In the case before us, trial counsel's failure to request a precautionary jury instruction regarding the reliability of accomplice testimony and his failure to timely appeal from appellant's conviction are evidence of his failure to protect the interests of appellant. The right of an accused in a criminal action to the assistance of counsel is guaranteed under Article VI, § 7 of the South Dakota Constitution and the Sixth Amendment of the United States Constitution. This means adequate and effective assistance of counsel. McMann v. Richardson, 397 U.S. 759, 90 S.Ct. 1441, 25 L.Ed.2d 763 (1970); Gideon v. Wainwright, 372 U.S. 335, 83 S.Ct. 792, 9 L.Ed.2d 799 (1963); State v. McBride, supra; State v. Pieschke, supra.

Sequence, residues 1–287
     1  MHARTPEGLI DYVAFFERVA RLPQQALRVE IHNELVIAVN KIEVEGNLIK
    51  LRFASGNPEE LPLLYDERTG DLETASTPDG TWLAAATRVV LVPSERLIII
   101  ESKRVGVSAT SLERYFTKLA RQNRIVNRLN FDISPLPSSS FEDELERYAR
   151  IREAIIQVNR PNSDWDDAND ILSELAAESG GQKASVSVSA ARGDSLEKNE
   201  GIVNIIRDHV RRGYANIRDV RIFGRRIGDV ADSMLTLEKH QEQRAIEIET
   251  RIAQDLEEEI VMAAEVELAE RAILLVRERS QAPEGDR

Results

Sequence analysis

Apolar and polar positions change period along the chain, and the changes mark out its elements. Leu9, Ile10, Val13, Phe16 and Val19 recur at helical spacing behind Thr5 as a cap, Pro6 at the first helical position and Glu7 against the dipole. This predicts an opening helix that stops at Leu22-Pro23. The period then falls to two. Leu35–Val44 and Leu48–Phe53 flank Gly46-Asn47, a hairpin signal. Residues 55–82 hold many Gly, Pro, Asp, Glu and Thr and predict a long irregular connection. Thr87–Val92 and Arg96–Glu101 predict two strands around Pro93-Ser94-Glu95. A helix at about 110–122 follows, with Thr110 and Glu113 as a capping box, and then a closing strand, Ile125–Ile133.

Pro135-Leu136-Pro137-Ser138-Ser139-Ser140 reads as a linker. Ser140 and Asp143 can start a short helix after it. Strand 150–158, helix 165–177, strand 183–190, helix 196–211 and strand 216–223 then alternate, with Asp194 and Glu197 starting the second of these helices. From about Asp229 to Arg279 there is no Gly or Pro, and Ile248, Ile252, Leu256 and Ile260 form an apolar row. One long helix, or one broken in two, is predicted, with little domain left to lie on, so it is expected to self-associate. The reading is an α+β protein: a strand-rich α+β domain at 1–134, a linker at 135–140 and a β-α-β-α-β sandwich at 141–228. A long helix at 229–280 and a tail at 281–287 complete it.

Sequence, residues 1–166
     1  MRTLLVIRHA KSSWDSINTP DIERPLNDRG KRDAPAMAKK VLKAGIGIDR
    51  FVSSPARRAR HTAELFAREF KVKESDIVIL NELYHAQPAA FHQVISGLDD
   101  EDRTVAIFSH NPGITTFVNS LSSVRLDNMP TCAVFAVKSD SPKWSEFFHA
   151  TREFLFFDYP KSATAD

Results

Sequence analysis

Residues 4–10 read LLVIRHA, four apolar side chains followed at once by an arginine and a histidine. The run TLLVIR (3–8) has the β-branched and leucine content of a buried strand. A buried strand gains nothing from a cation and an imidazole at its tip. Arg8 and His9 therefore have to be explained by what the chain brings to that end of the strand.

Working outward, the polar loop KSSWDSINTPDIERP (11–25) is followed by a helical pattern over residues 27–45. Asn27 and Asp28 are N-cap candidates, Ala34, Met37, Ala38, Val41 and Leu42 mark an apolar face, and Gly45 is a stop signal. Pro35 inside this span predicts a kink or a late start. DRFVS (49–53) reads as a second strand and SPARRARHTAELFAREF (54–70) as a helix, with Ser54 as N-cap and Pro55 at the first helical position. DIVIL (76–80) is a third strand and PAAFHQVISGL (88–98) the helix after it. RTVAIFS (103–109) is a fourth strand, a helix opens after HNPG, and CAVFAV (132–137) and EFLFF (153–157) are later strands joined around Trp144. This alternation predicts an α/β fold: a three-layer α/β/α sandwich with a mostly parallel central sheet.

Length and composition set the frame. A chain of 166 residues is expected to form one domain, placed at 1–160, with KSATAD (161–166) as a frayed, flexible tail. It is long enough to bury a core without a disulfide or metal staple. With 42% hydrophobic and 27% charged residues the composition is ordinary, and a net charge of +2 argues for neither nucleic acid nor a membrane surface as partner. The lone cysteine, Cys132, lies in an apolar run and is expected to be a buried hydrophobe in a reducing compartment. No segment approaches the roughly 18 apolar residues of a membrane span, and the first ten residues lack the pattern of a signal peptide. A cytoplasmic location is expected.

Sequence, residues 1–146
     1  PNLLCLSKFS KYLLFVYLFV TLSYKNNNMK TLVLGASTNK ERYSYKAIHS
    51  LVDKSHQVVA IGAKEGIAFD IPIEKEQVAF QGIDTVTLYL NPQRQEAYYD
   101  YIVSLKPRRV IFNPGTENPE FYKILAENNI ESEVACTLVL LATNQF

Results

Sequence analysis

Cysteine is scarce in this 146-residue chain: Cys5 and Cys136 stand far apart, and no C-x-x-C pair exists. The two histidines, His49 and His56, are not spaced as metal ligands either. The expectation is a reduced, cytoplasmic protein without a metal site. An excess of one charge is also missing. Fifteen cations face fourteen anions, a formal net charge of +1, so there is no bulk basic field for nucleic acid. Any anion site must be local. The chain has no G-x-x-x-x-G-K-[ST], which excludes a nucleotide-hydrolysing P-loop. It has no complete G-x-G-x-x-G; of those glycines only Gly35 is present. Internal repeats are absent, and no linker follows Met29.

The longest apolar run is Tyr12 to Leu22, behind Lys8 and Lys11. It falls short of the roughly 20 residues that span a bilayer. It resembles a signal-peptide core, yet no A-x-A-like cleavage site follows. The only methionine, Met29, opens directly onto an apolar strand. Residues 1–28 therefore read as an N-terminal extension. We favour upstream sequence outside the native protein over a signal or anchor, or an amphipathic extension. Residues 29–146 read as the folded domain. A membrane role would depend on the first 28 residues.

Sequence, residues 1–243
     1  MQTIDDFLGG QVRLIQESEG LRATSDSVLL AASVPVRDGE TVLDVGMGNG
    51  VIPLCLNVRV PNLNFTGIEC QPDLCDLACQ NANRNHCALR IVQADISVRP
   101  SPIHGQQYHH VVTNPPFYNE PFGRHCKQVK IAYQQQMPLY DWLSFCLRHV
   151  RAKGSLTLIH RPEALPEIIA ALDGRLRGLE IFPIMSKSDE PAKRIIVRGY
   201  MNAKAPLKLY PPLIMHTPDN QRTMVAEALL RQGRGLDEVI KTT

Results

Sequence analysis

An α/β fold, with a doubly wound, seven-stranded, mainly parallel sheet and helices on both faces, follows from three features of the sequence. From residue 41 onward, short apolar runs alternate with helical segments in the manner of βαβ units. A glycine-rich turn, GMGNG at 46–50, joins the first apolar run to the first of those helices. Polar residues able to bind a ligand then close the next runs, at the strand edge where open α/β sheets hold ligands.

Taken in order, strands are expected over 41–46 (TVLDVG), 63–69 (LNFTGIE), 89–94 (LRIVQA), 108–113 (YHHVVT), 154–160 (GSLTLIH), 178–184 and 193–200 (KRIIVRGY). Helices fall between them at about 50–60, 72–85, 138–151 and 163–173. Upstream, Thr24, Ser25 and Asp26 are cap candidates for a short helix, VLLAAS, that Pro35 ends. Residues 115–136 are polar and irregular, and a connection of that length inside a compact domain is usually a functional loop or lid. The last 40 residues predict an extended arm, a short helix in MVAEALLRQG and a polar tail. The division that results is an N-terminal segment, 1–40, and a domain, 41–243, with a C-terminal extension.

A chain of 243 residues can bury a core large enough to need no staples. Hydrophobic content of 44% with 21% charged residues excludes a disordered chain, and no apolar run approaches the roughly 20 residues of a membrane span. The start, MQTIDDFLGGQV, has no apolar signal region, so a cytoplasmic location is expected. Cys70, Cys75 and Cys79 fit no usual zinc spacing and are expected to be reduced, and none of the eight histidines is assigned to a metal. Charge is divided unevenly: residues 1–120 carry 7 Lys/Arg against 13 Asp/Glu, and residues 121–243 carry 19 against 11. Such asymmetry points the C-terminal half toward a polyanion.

We have reviewed appellant's other contentions regarding improper jury instructions and find them to be without merit. In light of the circumstances before us, we find that appellant was denied adequate and effective assistance of counsel and we reverse and remand for a new trial.

All the Justices concur.